MIAMI BEACH, Fla. — The U.S. Coast Guard said Wednesday at least one person is dead and dozens more are missing after a boat believed to be involved in a human smuggling operation capsized off the Florida coast.
Commander Jo-Ann Burdian with the U.S. Coast Guard Miami Sector said a body was found Tuesday, and an all-out search effort will continue until further notice for 38 missing boaters.
According to Burdian, a survivor who was rescued by a commercial mariner Tuesday morning said the 25-foot boat capsized shortly after leaving Bimini, Bahamas Saturday night due to severe weather.
Coast Guard officials said the mariner rescued the man 45 miles east of the Fort Pierce Inlet. He was taken to the hospital where he's now in stable condition.
"The survivor was not wearing a life jacket and reported that no one else on board was wearing a life jacket," Burdian said.
Federal, state, and local agencies have been using a variety of aircraft and boats to search for the remaining missing boaters. Burdian said, so far, crews have covered an area roughly the size of New Jersey.
"We did recover a deceased body. He'll be transferred ashore today in Fort Pierce. And we continue to search for other survivors," Burdian said.
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Burdian added that search conditions on Wednesday are "very good," and a debris field has been located that includes items consistent with a large number of people being on the vessel.
The Coast Guard said the boat was part of a human smuggling operation and the U.S. Department of Homeland Security is now investigating that aspect of the case.
"This event occurred in a normal route for human smuggling from the Bahamas into the southeast U.S.," Burdian said.
Officials on Wednesday did not give a time frame for how long the search may last, only saying that crews are "exhausting our search efforts."
"The decision to take to the sea is a complicated one. Certainly as we saw in this case, the waters in the northern Florida Straits can be quite treacherous," Burdian said. "In cases like this, small vessels, overloaded, inexperienced operators at night in bad weather is incredibly dangerous."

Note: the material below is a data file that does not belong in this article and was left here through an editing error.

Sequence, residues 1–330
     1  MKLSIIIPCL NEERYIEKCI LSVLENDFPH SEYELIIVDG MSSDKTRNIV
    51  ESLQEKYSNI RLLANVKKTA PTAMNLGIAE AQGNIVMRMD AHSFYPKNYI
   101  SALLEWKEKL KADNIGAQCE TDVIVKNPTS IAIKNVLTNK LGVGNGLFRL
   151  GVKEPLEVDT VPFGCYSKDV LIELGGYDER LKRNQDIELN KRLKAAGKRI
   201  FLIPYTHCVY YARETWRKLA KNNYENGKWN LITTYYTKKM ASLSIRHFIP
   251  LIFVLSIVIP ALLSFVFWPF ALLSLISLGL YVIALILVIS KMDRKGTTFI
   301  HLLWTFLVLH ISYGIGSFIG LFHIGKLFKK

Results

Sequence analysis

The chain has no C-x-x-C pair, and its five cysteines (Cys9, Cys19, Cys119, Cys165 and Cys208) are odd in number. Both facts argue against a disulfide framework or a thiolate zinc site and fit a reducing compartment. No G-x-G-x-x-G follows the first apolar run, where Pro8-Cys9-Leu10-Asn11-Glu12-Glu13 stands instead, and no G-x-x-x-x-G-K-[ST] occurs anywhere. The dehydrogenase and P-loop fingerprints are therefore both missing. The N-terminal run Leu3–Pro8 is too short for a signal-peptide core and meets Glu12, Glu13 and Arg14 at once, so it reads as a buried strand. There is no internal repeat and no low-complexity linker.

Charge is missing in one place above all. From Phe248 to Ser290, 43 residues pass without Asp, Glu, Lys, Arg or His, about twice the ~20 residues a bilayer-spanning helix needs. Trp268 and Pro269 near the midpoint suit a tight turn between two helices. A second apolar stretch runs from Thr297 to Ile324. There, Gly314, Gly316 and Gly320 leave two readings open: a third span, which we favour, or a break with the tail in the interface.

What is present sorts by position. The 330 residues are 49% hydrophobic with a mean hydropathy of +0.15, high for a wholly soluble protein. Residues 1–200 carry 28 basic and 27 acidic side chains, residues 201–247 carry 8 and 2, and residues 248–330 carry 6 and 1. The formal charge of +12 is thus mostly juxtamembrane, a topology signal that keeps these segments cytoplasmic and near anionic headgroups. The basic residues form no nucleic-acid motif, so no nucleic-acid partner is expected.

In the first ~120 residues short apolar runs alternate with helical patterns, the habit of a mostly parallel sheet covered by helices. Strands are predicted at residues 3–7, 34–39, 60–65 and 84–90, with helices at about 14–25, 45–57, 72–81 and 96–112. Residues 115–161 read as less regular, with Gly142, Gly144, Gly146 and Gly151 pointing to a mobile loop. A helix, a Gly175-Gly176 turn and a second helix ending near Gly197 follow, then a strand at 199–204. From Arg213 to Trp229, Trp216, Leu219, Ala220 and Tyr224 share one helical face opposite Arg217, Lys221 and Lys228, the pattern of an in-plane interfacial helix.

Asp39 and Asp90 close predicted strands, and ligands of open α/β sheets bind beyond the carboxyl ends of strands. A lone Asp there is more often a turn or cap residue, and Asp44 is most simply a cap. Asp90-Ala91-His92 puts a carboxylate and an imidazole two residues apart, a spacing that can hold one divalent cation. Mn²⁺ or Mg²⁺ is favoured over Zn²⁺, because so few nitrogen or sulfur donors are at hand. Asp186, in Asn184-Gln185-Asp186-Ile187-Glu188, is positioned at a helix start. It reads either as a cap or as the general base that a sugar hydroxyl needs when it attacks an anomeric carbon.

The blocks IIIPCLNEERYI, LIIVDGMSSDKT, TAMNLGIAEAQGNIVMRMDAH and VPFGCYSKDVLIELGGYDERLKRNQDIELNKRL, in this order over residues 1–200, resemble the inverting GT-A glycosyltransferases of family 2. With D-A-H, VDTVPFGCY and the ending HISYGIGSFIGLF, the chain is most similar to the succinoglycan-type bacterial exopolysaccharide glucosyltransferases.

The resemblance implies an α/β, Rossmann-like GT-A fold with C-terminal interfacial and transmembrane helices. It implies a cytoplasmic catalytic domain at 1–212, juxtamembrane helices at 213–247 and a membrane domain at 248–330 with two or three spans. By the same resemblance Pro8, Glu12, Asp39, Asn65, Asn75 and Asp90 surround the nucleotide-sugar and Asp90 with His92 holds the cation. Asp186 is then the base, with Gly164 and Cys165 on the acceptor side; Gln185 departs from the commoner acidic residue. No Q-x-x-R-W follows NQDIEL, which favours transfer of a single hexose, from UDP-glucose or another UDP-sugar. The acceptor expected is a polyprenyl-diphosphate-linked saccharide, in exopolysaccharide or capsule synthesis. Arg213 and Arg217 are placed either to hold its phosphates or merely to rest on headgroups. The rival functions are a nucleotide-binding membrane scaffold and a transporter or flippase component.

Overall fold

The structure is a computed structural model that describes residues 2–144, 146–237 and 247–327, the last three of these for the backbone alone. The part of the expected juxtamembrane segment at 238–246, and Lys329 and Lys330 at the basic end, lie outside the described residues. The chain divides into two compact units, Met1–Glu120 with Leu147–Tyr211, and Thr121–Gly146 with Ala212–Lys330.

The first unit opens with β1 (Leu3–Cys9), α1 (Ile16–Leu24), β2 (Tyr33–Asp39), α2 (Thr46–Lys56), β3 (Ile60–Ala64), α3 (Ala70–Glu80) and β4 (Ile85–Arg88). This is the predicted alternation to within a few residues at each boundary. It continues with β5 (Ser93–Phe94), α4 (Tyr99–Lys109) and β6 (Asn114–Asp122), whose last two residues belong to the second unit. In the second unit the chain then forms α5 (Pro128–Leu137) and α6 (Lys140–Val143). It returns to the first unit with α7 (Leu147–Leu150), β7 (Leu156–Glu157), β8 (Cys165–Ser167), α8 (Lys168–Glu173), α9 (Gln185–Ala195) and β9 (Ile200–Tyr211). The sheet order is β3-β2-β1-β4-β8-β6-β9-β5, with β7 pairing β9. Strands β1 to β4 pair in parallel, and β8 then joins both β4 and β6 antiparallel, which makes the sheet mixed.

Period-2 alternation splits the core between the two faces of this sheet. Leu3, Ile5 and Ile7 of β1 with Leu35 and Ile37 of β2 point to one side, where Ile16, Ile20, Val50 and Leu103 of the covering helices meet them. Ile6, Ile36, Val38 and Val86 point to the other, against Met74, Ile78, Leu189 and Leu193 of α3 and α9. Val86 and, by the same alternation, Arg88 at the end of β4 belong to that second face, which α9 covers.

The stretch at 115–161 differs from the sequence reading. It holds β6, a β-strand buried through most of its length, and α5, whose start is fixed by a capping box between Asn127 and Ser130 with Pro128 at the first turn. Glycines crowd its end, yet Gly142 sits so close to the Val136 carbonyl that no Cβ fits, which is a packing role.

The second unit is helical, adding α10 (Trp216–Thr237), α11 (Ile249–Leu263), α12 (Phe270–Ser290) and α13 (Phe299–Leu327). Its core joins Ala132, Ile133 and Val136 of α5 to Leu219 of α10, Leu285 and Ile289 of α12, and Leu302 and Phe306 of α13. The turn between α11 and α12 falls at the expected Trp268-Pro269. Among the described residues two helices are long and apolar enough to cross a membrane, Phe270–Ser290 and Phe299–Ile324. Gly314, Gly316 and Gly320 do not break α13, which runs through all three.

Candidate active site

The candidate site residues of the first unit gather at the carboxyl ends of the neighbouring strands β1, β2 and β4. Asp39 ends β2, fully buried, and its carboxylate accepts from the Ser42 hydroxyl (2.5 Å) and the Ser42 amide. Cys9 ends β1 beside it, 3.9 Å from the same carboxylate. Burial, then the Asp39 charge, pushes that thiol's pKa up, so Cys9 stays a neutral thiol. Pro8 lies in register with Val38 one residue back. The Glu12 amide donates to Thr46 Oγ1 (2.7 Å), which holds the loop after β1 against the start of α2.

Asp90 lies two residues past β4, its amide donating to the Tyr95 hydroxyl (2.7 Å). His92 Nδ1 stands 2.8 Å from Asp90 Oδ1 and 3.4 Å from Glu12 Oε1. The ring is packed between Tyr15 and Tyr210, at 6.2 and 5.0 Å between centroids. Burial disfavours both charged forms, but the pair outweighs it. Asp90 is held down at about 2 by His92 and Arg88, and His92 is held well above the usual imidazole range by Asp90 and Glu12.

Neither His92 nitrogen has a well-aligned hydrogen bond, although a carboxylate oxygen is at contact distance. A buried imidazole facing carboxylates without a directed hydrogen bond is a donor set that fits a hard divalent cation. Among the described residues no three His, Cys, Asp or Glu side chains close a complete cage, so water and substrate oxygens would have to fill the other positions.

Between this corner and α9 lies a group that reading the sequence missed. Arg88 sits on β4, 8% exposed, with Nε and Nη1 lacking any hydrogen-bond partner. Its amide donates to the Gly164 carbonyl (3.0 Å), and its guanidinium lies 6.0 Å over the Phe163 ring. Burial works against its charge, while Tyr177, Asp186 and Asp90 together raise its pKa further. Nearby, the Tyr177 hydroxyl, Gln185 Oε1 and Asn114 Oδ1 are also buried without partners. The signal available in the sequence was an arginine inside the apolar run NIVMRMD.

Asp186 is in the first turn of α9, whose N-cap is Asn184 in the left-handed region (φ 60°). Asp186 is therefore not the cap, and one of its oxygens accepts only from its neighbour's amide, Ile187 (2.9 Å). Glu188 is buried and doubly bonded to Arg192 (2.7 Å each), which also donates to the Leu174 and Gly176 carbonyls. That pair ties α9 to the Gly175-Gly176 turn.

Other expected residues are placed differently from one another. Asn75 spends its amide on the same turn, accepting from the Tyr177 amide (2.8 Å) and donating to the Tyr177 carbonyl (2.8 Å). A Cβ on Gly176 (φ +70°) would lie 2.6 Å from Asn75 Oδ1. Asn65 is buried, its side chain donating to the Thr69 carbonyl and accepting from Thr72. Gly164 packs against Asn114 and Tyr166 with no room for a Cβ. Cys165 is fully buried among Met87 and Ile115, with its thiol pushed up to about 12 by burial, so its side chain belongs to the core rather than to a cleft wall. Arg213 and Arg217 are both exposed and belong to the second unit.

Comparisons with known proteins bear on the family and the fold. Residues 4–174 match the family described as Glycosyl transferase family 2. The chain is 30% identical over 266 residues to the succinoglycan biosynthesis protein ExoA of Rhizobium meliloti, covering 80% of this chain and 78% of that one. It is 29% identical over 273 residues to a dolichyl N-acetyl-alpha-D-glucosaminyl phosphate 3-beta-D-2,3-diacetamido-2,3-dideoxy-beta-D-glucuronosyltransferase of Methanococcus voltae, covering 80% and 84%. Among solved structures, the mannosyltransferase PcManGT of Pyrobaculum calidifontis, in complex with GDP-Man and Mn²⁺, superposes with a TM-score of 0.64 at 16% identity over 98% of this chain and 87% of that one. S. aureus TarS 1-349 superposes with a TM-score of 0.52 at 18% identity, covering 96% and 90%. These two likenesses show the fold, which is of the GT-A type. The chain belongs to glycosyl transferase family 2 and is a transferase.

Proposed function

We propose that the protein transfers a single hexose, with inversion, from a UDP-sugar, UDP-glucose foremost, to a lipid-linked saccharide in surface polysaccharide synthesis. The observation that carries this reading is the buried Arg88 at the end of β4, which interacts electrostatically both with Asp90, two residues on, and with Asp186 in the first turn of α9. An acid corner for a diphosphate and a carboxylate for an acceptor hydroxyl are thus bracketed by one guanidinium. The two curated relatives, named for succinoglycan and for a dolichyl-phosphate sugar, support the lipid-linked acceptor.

The commander added that searchers will continue their mission throughout the day Wednesday and will reevaluate from there.
"We can't search forever," Burdian said. "Those are difficult and complex decisions, understanding there are human lives at stake."
Burdian said if family members believe their loved ones were on the capsized boat, they should call the U.S. Coast Guard Miami Sector at 305-535-4300.
"People resort to drastic measures at that point because they know they can’t go back to wherever they came from," said Maricela Torres, who runs the Esperanza Community Center in West Palm Beach, an organization that provides resources to immigrant families, many undocumented.
Torres said these dangerous journeys to the U.S. are common.
"It brings light back to the situation that so many people around the world are experiencing that they want to come here because they believe that their life here is going to be better," Torres said.
Just last Friday, the Coast Guard intercepted 88 Haitians near the Bahamas.
The number of Haitian migrants rescued over the years has tripled since 2017.
- 1,527 Haitian migrants in fiscal year 2021
- 418 Haitian migrants in fiscal year 2020
- 932 Haitian migrants in fiscal year 2019
- 609 Haitian migrants in fiscal year 2018
- 419 Haitian migrants in fiscal year 2017
Cuban migrants are also often intercepted and repatriated. Earlier this month, 32 Cubans and one smuggler were intercepted 80 miles off Key West.
The number of Cubans rescued by the Coast Guard has fluctuated drastically over the years.
- 5,396 Cuban migrants in fiscal year 2016
- 1,468 Cuban migrants in fiscal year 2017
- 259 Cuban migrants in fiscal year 2018
- 313 Cuban migrants in fiscal year 2019
- 49 Cuban migrants in fiscal year 2020
"This is an issue that impacts us regionally in South Florida. In the last year alone, we had 700 individuals we suspected were smuggled into various points in South Florida," Burdian said.